Tuesday, September 28, 2010

Theatre Review: Fat Kids on Fire

Posted by David

Pipeline Theatre Company returns to the stage with Bekah Brunstetter's new play Fat Kids on Fire, currently performing at Wings Theatre, in the West Village, through October 2.  This new play follows the adventures of a slighly chubby high school girl who is sent to fat camp, where she learns that in the land of the blind, the one-eyed man is king.

Bess is an earnest, insecure young woman trying to navigate the treacherous multi-tiered society of high school.  She longs to be accepted among the "beautiful" people but finds herself thwarted by her physical appearance and her neediness.  When her over-achieving and fitness-obssessed parents send her off to a motivational camp that specializes in overweight kids, she suddenly finds herself much higher up on the social totem pole than she has ever been, and the height, while at first intoxicating, causes her to lose her moral balance.  Brunstetter's play is both bruisingly funny and painfully accurate in its depiction of the ruthless jungle of teenage social politics.  Her language never rings false nor does she allow easy endings for her characters.  Actions have consequences and there is little room for second chances.
Nicole Spiezio and Sydney Matthews

Within minutes of her arrival, Bess aquires the attentions of Scott, an amorous, if somewhat off-putting, boyfriend, as well as devoted acolytes Bianca and MS, and roommate and self-professed "best-friend" Cindy.  She is intoxicated with the prospect of being an early front-runner for the title of Camp Princess and seems to have also caught the eye of the smolderingly handsome camp counselor, Mark.  But complicating this seemingly idyllic picture is the ascerbic Nurse Joy, the head counselor, who is suspicious of the new "it" girl at camp.  Also, the enigmatic Bridger, a young man who seems to take his style cues from the Unibomber, lurkes in the shadows, alternating icy stares with sudden quirky smiles.  And last but not least, there is Claire, the impossibly pretty girl who lurkes in Bess' thoughts like a demonic angel on her shoulder.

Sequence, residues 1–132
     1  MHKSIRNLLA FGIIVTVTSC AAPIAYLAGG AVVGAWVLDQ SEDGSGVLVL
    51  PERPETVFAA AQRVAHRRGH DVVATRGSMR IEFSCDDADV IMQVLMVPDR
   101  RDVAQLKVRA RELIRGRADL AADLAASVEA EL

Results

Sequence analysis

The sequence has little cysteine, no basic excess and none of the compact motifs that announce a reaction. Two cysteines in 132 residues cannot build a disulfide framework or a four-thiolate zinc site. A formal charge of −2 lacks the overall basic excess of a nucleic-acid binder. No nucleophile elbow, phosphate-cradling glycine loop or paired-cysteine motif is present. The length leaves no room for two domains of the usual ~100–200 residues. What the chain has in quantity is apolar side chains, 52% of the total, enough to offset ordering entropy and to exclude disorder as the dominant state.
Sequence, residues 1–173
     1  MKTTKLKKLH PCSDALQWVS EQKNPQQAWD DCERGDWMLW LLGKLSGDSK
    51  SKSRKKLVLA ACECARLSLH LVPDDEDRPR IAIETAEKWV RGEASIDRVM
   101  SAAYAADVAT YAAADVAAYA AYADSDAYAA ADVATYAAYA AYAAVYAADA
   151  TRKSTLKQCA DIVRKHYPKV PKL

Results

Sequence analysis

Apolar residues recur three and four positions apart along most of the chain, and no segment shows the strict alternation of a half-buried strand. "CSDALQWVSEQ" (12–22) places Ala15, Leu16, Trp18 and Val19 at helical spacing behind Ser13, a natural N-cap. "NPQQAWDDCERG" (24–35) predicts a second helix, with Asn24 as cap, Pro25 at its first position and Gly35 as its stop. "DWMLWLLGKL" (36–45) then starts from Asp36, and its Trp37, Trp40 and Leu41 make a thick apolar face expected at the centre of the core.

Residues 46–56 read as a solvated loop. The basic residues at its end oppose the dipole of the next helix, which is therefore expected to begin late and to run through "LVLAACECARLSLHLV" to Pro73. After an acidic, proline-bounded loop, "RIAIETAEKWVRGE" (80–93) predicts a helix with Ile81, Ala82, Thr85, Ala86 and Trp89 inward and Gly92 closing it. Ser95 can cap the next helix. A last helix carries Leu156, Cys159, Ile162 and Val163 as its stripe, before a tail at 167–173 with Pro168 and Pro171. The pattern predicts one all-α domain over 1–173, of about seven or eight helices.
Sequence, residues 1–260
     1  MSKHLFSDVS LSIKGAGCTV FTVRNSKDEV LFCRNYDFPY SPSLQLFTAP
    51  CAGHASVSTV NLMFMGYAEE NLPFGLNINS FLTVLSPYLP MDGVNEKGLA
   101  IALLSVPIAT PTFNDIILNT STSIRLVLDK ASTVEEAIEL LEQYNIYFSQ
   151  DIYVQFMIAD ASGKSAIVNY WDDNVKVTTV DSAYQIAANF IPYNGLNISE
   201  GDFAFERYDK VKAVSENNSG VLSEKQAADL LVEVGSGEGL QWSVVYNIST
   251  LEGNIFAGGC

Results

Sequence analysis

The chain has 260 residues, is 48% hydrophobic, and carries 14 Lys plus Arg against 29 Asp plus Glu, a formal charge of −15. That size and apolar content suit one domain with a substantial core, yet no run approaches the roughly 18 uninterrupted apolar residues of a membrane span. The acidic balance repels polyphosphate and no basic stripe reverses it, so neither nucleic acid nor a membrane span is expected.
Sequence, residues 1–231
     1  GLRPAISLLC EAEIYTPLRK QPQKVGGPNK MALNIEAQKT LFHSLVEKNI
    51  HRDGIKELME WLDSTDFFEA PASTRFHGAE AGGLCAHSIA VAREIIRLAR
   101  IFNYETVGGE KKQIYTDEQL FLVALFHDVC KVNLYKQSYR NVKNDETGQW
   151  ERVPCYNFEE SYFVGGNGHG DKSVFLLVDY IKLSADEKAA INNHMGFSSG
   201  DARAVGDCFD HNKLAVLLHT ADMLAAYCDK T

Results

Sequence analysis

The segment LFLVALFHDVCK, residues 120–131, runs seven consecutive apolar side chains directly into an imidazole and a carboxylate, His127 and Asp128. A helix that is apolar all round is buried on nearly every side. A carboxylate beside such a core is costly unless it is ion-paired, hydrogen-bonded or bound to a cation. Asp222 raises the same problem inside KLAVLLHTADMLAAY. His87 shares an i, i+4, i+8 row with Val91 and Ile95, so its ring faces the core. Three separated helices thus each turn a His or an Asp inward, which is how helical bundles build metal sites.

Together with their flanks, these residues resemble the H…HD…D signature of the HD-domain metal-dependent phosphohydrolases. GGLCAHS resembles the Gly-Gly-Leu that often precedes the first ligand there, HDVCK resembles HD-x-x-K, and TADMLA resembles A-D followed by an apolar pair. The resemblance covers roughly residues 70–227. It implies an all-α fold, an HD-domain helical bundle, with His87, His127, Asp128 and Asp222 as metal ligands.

Sydney Matthews and John Early

I wish I could acknowledge one or two of the actors as giving standout performances, but the entire cast is so overwhelmingly and uniformly accomplished that such a task is impossible.  Handling the demands of the role superbly, Sydney Matthews plays Bess with a perfect balance of earnest confusion and defensive cruelty, and seems to be channeling a younger, fresher and slightly less malicious Chelsea Handler.  Nicole Spiezio is heartbreakingly fearless in her portrayal of the guileless, socially awkward and clingy Cindy.  Andrea Ciannavei gives touching depth to the outwardly cruel and defensive Bianca, and Megan Linde brings a fully-fleshed and earnest melancholy to Bianca's side-kick, MS.
Megan Linde, Andrea Ciannavei and Sydney Matthews

John Early demonstrates that his star turn as Chiclet in Pipeline's April 2010 production of Psycho Beach Party was no fluke.  His hilarious yet poignant portrayal of Scott, the stalker-ish boyfriend and wannabe homey, is a 180 degree turn from his previous character yet once again pitch-perfect.  Mike Steinmetz is also excellent as the nihilistically repressed Bridger.  I just wish his time on the stage wasn't so limited, as I wanted to see more of the character.

Blair Ross, Shane Zeigler and Mike Steinmetz

Kudos go to Blair Ross who treats us to Nurse Joy's sharp and toughened exterior but gives us glimpses of the wounded fat girl still haunting inside of her.  The character could easily become a charicature but Ross weaves humanity into the harshness.  I was also pleased to see another Psycho Beach Party alum, Shane Zeigler, get a greater opportunity to shine.  Zeigler was mostly eye-candy in PBP but this time...well, hell, he's still stunning, but as Mark the well-meaning but hapless co-counselor, he deftly plays a young man out of his depth among a sea of needy and attention-starved teenage girls.  Last but not least, the stunning Andi Potamkin excels in the challenging bifurcated role of Claire, the sweet but somewhat insensitive classmate who also manifests in Bess' mind and drives her in her relentless quest for popularity.

All of these excellent performers are well-served by Peter Frechette's smart direction.  The ensemble feel is strongly crafted and keeps the energy up throughout the play.  The space at Wings Theater is rather unforgiving and Frechette, who is well-known as an award-winning actor, shows of his directing chops by making a silk purse out of a sow's ear in maximizing his resources.  These resources include a utilitarian yet effective set design by Ian R. Crawford, who works miracles with four green benches, T. Rick Hayashi's smart lighting design, Liam Nelligan's ambiant and evocative sound design, lively costumes by Meagan Kensil and Brian Maxsween, and clever prop design from Jenny Donheiser.

As noted above, Fat Kids on Fire only performs through October 2.  Run, do not walk, to this production before it is gone.  Tickets are $18 ($12 for students) and can be purchased through Smartix or by calling (212) 868-4444.  For more information, visit www.pipelinetheatre.org.

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